* See Dietetic Rules for the Sick, etc., by Dr. F. Hartmann, Dresden and Leipsic.

The temperature has to be carefully regulated agreeably to the feelings, habits, and wishes of the patient, and in accordance with the nature of the fever and the periods when it occurs. In fevers which are characterized by an undue degree of heat, the room ought to be kept cool, in order to avoid increasing the oppression and anxiety of the patient by an excess of artificial heat; if the fever heat abates, the temperature of the room may be elevated in proportion. The temperature of a sick room ought never to be below 25° Fahrenheit, nor above 45°; the best temperature is between 35° and 38°; if then the room appear too cold to the patient, he may have an additional covering. The air in the sick-room ought to be dry and pure. Rooms in a recently built house, or which have been recently whitewashed are not suitable for fever patients, as they are too damp and therefore make the air impure by the vaporous exhalations from the walls; the air is likewise made impure by hard-coal or peat fire, by coal burning in an open furnace, by drying linen, hard or pine wood, or by keeping in a room flowers and vegetables that have a strong smell; by fumigations with substances that are more or less medicinal; even fumigations with vinegar cannot always be admitted under homoeopathic treatment, because vinegar antidotes many vegetable medicines and must therefore possess medicinal virtues. All these things have to be avoided; the lighting of a sulphur-match has likewise to be avoided lest the action of the homoeopathic agent should be disturbed. A moderate degree of light, in the room, is likewise essential to the comfort and even the cure of the fever patient; if the eyes be very much inflamed and sensitive to the light, or if the light increase the irritation of the brain, the room ought to be kept dark.

* Some persons are accustomed to the use of things which are injurious to them, for instance the use of coffee, tea, tobacco, etc. The use of any such things is to be positively interdicted during treatment, and is to be permitted only if the patient experience pleasing effects from them. - Hempel.

Inasmuch as the doors of the sick-room require to be closed in order to prevent currents of air, it is important that the air should be occasionally renewed by opening the windows or by some other mode of artificial ventilation. This renewal of the air requires to be repeated in proportion as the room is lower and smaller.

§ 18. The nourishment which we permit our patient, likewise depends upon the nature of the fever. The fever patient having generally no appetite for any solid food, we need not apprehend that he will aggravate his sufferings by an error in diet; nevertheless it is important that whatever nourishment the patient does take, should be carefully selected. If he should express an irresistible desire for one or the other kind of nourishment, the demands of nature must be carefully observed, and the patient must neither be flatly refused what he desires to have, nor ought he to be persuaded to take more of it than he wants. The fever patient generally desires such kinds of food or beverage as will palliate his sufferings; the substances which the patient desires, are not so much medicinal as necessary to satisfy a want. If the cure of the disease should be retarded by the moderate enjoyment of those things the damage will be easily repaired or even outweighed by the new energy imparted to the vital forces by the homoeopathic remedial agent, and by the refreshing delight and invigoration which the patient experiences from enjoying the desired food or beverage.*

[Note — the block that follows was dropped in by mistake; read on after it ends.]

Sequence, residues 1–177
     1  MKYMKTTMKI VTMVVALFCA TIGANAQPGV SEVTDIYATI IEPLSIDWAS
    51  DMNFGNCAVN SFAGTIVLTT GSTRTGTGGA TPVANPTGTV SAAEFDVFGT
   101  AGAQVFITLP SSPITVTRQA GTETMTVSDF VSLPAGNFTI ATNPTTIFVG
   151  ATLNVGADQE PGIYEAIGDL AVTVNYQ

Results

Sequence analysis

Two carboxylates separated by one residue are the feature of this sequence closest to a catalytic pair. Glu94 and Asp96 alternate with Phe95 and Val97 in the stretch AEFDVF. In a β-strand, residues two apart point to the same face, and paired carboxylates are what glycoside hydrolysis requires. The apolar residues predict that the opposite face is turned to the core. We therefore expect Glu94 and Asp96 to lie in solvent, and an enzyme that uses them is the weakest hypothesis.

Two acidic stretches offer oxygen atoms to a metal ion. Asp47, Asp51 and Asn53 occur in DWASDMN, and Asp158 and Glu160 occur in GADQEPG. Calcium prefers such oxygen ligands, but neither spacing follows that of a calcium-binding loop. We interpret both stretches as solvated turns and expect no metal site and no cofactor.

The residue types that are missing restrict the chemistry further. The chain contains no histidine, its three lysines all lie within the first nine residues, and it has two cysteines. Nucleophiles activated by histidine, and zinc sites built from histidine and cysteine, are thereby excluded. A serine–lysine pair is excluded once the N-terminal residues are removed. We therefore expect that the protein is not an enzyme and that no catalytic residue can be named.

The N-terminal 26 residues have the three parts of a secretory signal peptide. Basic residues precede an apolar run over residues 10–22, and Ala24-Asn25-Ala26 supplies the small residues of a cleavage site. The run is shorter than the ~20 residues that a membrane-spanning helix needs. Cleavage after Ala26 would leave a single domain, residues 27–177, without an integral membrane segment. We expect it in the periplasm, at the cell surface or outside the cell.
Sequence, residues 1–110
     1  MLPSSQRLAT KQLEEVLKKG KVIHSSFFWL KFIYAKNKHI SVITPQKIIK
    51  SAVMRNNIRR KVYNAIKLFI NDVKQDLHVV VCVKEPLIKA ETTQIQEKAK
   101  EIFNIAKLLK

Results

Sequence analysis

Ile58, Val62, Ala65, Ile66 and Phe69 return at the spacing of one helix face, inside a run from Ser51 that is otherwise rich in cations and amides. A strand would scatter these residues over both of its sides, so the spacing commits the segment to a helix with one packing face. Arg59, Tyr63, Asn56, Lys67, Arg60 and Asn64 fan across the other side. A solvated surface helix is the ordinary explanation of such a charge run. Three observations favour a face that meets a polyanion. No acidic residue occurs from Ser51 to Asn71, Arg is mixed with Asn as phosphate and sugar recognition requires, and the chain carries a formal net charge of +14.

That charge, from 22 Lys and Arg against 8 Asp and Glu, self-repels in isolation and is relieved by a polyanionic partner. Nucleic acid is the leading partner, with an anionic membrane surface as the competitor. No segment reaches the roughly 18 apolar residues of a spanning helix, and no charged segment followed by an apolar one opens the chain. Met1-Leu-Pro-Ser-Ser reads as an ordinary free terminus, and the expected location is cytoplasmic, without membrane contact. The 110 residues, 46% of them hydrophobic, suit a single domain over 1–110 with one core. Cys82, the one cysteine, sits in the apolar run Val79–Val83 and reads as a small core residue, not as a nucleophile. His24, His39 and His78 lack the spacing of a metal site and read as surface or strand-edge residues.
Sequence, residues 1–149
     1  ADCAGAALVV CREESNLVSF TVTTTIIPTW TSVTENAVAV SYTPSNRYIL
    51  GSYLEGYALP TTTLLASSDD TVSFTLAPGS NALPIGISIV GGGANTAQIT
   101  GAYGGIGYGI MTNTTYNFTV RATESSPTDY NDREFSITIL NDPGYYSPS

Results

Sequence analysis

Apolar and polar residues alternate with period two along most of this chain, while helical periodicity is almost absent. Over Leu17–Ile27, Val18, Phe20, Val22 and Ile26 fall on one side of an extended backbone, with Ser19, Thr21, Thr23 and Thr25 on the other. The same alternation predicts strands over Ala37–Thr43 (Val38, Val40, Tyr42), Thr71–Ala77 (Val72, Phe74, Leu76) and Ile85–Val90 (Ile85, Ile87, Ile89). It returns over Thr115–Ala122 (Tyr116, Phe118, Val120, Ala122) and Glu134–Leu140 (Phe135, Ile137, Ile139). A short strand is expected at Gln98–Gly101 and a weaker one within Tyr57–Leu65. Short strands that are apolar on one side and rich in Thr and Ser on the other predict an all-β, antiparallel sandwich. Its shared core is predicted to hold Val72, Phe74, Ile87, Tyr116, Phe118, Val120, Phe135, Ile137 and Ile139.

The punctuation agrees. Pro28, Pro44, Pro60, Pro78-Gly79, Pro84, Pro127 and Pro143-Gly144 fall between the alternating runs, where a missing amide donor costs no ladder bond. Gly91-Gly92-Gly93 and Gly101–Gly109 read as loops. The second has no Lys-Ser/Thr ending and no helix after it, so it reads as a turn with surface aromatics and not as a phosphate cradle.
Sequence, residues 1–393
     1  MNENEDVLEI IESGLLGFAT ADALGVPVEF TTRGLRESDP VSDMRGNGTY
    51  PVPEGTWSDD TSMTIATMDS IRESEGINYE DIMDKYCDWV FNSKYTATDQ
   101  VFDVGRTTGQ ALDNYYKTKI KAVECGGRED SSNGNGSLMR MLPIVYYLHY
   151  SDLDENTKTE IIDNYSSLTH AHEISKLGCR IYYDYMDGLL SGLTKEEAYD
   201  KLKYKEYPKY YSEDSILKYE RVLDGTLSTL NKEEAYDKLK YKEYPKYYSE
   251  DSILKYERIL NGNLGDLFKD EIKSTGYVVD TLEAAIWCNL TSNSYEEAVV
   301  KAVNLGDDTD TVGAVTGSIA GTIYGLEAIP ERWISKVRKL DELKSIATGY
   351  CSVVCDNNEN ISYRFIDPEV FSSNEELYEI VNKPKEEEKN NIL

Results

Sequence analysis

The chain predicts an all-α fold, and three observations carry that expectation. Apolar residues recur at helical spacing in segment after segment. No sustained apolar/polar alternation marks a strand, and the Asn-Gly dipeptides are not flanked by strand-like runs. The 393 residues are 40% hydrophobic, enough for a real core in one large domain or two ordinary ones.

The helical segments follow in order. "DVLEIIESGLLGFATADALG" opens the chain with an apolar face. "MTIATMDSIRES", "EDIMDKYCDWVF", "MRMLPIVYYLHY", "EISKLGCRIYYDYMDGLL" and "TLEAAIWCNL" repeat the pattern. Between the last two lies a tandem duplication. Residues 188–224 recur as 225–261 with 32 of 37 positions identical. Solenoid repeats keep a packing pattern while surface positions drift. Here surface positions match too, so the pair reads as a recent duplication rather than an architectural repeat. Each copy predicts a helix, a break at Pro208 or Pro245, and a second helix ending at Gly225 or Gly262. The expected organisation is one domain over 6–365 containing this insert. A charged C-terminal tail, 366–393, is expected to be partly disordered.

The fever patient eats only when he is hungry, and no more than is necessary to satisfy his appetite. The general rule, however, is, that the patient ought to eat little and only light food. The patient will not frequently desire warm food; if he should desire any, he may take a little warm panado, or a light broth with grits, barley, rice, sago, salep, oatmeal, oatmeal-cake. If the fever be not very violent, the broth may be a little stronger, and the patient may even be permitted a dish of light meat, venison, poultry, which is not too young, a piece of delicate beef, in company with either of the above vegetables. In proportion as the fever decreases, and the appetite of the patient returns, he may be allowed green vegetables, such as: cabbage of various kinds, savoy, cauliflower, peas, carrots, green beans, soft-boiled eggs, and the above-mentioned dishes of rice, barley, etc., with the yolk of an egg, may likewise be allowed.

* See Organon, § 265 and 266.

The best kind of food in every stage of the fever is undoubtedly fruit. Among the apples, Spitzenberg, pippins, and love-apples, are undoubtedly the best for the patient, especially when prepared as a marmalade; he may likewise eat pears, prunes, either fresh or dried, stewed and preserved without spices; sweet cherries, grapes, strawberries, peaches, apricots, oranges, figs, melons, pineapple. Of course all those various kinds of fruit ought to be enjoyed with moderation, lest the saccharine matter which they contain should accumulate in too large a quantity and give rise to flatulence, which might become very troublesome and increase the fever. In erethic fevers, with disposition to diarrhoea, the physician will have to be very cautious in recommending the use of fruit; in many cases that use will have to be interdicted entirely.*

§ 19. The beverage of fever patients who frequently suffer with burning thirst, deserves particular consideration. It is inexpedient to give the patient no other but warm drinks, for these do not always quench his thirst. But it would be just as improper to give the patient iced water or other icy-cold drinks; a medium temperature is the best; let the drinks which the patient takes be cool, but neither warm nor icy cold.